Wednesday, January 13, 2010

Arts Review for Jack Boul: Monotypes and Paintings

Cafe, monotype, 2009

The works of celebrated Washington artist Jack Boul are featured in Monotypes and Paintings, the 2010 solo invitational artist exhibition at the Washington Printmaker’s Gallery from January 3 to January 31.

Boul’s wide range of subjects, as well as his monoprinting and painting techniques, all share his same artistic aesthetic. Most of the work illustrates natural and everyday subject matter, such as, the innate movement and postures of the body, daily actions in a home’s intimate settings, and the color gradations that occur in a country landscape. These images are conveyed in thick sweeping lines and minimalist brushwork, however, his images are hardly plain or simple.

Detail, in the form of wrinkles, finger smudges, and color gradation hide within his thick black lines and blots, adding unexpected texture to his work. Many of his pieces appear as though band-aids were been placed on various parts of their surface and then ripped off. The result is a rustic, unpolished affect, that adds to the atmospheric and emotional quality of his work. These tiny imperfections also let the viewer know the great involvement and attention paid to each unique piece. It is obvious that the artist’s relationship to his work was a very close one.

The way he defines shapes in his images is unusual as well. His bold, dark lines leave abstract shapes of negative space that cause the eye to “work”-searching and forming figures and their postures or body movements. Bodies emerge from muddled blots of paint or are defined with the faintest outlines, barely decipherable from the white background. His paints bleed and run, as if watercolors, but there is surprisingly crisp quality to the images, which makes one wonder-what am I looking at? A painting, a photograph, or a charcoal drawing?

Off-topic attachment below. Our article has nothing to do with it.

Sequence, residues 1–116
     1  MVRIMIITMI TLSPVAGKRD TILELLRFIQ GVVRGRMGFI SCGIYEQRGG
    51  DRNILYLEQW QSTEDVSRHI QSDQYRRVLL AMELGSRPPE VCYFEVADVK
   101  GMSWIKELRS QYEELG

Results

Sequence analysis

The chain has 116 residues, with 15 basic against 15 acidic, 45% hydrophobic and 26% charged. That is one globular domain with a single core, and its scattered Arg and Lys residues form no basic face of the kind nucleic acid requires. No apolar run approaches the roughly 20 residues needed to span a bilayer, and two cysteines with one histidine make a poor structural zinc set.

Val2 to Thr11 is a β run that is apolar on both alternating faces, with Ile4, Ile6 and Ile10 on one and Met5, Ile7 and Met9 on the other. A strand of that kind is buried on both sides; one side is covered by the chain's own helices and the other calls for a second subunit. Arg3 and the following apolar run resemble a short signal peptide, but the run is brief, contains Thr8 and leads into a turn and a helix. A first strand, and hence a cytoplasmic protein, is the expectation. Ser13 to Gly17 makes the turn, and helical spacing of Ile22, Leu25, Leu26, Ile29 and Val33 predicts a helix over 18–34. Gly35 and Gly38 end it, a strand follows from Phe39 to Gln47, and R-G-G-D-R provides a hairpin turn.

Boul's painted work, much of it in color, is impressionistic in its hazy and vibrant quality, and shares the romantic characteristics of his prints. Large brush strokes and dabs of color capture the essence of landscape. A few of his images include details of cows, or the peaceful resting face of a small child, reflecting his occasional appreciation for detail.

Boul’s unusual technique adds character and edge to the content of his pieces. His approach to his subjects also offers a fascinating perspective on portraiture. His detailed and color pieces reflect the multi-dimensional nature of his work and his talent as a long practicing DC artist.

Claire Menegus is a native Washingtonian who recently returned to the area after working for a photography magazine in London. She is currently a public relations intern at the Washington Project for the Arts.

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